How to Effectively Make Black and White Photography




Introduction: How to Effectively Make Black and White Photography

Taking and producing an effective photo is a lot more than just point and shoot. In order to take effective photographs of your subject(s) you must meet some specific conditions and carry out helpful photo taking techniques. By the end of this instructable you will have a better understanding of what means to photograph an image and be on your way to making great and effective black and white photography.


Camera - You will of course need a camera to capture your images. A DSLR camera would be optimal as you are able to take full control of your camera's settings in manual mode however, it is not mandatory. A normal point and shoot camera will be fine for this, even cell phone cameras can be used but not recommended.

Photo editing software - If you are not shooting your pictures in the monochrome setting on the camera then you will need photo editing software to convert your image from colour into black and white, e.g, Adobe Photoshop.

Tripod (optional) - Helps to stabilize your camera when shooting. Useful when taking pictures with a long shutter speed.

Cable Release (optional) - Also helps when stabilizing your camera when taking a pictures, you will not have to use your hand to take the picture with the camera and as a result, shake the camera.

Step 1: Taking Your Photo

Now that you've got all your equipment, it is now time to set up and take your photo. Before taking your photo you will need to decide on the camera settings you will need to use in order to capture an effective photograph. What these settings must be depends on the environment in which you are photographing. If you want to have full control over your image later on with black and white settings shoot in colour NOT monochrome.

There are few camera settings you are going to want to focus on when shooting:

  • ISO - Controls the sensor sensitivity of the camera. You should always try to shoot with a low ISO (50-200), but when shooting objects that are moving a fair bit the ISO can be increased. The higher the ISO, the grainier a photo will appear which reduces the photos overall quality.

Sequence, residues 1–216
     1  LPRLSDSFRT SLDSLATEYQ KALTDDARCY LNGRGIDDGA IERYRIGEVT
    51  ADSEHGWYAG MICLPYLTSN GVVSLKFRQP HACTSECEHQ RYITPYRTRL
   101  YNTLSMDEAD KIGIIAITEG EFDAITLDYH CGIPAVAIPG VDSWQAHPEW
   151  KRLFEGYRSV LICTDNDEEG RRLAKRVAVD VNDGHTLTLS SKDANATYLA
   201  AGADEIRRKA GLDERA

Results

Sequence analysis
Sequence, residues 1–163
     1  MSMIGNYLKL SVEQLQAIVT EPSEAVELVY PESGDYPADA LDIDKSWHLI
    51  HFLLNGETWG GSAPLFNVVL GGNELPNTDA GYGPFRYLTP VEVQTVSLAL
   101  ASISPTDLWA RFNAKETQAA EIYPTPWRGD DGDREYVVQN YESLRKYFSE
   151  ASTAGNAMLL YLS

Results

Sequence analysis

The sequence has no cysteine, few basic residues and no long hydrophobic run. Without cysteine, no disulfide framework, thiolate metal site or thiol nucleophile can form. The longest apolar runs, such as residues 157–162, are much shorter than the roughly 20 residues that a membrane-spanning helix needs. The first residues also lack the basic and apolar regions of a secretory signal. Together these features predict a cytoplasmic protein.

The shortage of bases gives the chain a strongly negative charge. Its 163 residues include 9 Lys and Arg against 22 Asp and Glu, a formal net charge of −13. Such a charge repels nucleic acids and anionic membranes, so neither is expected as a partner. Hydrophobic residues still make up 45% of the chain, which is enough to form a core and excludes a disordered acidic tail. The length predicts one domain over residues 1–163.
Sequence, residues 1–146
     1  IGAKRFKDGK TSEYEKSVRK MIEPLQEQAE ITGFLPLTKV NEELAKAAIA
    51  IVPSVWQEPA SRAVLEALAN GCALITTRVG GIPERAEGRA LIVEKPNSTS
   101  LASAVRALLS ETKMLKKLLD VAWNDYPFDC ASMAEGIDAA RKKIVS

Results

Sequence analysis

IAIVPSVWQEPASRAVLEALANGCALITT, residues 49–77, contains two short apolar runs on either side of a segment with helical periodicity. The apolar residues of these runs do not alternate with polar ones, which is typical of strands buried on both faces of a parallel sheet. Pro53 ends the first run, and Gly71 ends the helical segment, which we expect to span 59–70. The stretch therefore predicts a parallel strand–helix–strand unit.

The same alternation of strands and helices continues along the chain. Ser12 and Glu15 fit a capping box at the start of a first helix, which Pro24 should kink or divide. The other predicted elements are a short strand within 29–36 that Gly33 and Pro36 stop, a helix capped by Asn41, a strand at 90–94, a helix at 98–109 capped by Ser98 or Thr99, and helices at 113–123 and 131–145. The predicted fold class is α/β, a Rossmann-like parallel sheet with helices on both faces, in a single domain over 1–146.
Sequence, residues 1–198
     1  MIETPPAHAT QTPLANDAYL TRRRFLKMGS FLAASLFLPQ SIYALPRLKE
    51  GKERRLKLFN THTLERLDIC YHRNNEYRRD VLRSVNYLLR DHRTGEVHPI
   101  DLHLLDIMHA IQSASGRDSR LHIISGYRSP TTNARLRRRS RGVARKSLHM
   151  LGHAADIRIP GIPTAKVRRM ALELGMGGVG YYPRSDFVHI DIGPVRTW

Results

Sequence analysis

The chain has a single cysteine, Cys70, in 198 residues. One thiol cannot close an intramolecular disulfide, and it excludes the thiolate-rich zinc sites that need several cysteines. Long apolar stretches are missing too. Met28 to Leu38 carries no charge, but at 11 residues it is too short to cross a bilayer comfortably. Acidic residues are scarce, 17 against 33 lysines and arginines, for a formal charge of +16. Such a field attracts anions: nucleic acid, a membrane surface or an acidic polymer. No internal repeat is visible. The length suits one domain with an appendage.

• Aperture - Controls the depth of field of the photograph. The higher the aperture, the deeper the depth of field becomes. The apertures on most cameras usually have an average range from f4.1 - f32. Shoot with a low aperture to capture and focus on objects in the shallow part of your environment.
  • Shutter Speed - Controls how long the shutter of the camera is opened for. The longer the shutter speed, the more light is let into the camera. When photographing a darker scene it is good to shoot with a long shutter speed to capture all the light you need to create your photograph.
  • White Balance - Match your white balance with the main type of light source/lighting in your scene to correct the colour of your images.

All of these individual settings can be accessed through your camera's manual mode indicated on the camera selection wheel with a capital "M". Be sure to adjust your settings so that your manual exposure bar is directly on zero. If it is not on zero, your photo is either over-exposed or under-exposed.

Step 2: Editing Your Colour Image: Channel Mixer

Once you have photographed an image you are happy with you are ready to edit it using your photo editing software. For this tutorial We will be using Adobe Photoshop as an example.

  1. Open your image up in the program
  2. Open up the channel mixer by going to layer > new adjustment layer > channel mixer
  3. Select monochrome
  4. Adjust the RGB sliders until you have found a setting you are satisfied with. Make sure that the settings you have concluded with all add up to 100% to maintain the exposure of the photo.

What the channel mixer allows you to do is make your photo darker or lighter overall to obtain a more visually appealing monochrome photo.

Step 3: Editing Your Colour Image: Curves

  1. After adjusting your RGB sliders and finding a satisfying setting it is time to adjust the curves
  2. Go to layer > new adjustment layer > curves
  3. Click on the pointer you see right below the word "preset" and hover over parts of the photo that show up on the graph low and adjust them. The main goal of this is to emphasize your subject but still keeping a nice blend between all the shades between black and white. You want extremes of both light and dark in your photo and you want to avoid having a photo that is just pure grey, it makes your photo dull and not visually appealing. "S" curves will be typical but look more for tonality when adjusting the curves.
  4. Once you are satisfied you can close the curves adjustment tab

Step 4: Extra Editing (Dodge and Burn, Effects)

If you still find that your photograph has more potential you can further edit your photograph by using the dodge and burn tools on the sidebar as shown to enhance shadows and lighten certain parts of your photo. You can also add other effects to your photographs such as mirror photographing as I have done with my photograph. This effect works best when taking advantage of the rule of thirds to create depth and create an overall more interesting photo to look at rather than a normal straight on picture.

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    5 years ago on Introduction

    Thanks for the tutorial. I hope we see more from you in the future!